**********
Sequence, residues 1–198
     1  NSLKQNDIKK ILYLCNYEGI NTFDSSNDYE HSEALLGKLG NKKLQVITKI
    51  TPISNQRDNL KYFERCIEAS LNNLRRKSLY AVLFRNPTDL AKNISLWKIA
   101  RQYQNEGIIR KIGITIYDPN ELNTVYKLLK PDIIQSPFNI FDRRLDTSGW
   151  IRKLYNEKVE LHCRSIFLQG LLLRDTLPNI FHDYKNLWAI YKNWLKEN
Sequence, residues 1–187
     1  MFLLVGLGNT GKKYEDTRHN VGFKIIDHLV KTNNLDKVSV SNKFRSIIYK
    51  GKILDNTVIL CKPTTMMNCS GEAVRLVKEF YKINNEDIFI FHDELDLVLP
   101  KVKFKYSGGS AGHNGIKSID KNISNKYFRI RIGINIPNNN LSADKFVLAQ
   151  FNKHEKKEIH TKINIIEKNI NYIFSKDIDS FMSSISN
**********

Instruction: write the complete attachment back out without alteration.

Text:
Sequence, residues 1–198
     1  NSLKQNDIKK ILYLCNYEGI NTFDSSNDYE HSEALLGKLG NKKLQVITKI
    51  TPISNQRDNL KYFERCIEAS LNNLRRKSLY AVLFRNPTDL AKNISLWKIA
   101  RQYQNEGIIR KIGITIYDPN ELNTVYKLLK PDIIQSPFNI FDRRLDTSGW
   151  IRKLYNEKVE LHCRSIFLQG LLLRDTLPNI FHDYKNLWAI YKNWLKEN
Sequence, residues 1–187
     1  MFLLVGLGNT GKKYEDTRHN VGFKIIDHLV KTNNLDKVSV SNKFRSIIYK
    51  GKILDNTVIL CKPTTMMNCS GEAVRLVKEF YKINNEDIFI FHDELDLVLP
   101  KVKFKYSGGS AGHNGIKSID KNISNKYFRI RIGINIPNNN LSADKFVLAQ
   151  FNKHEKKEIH TKINIIEKNI NYIFSKDIDS FMSSISN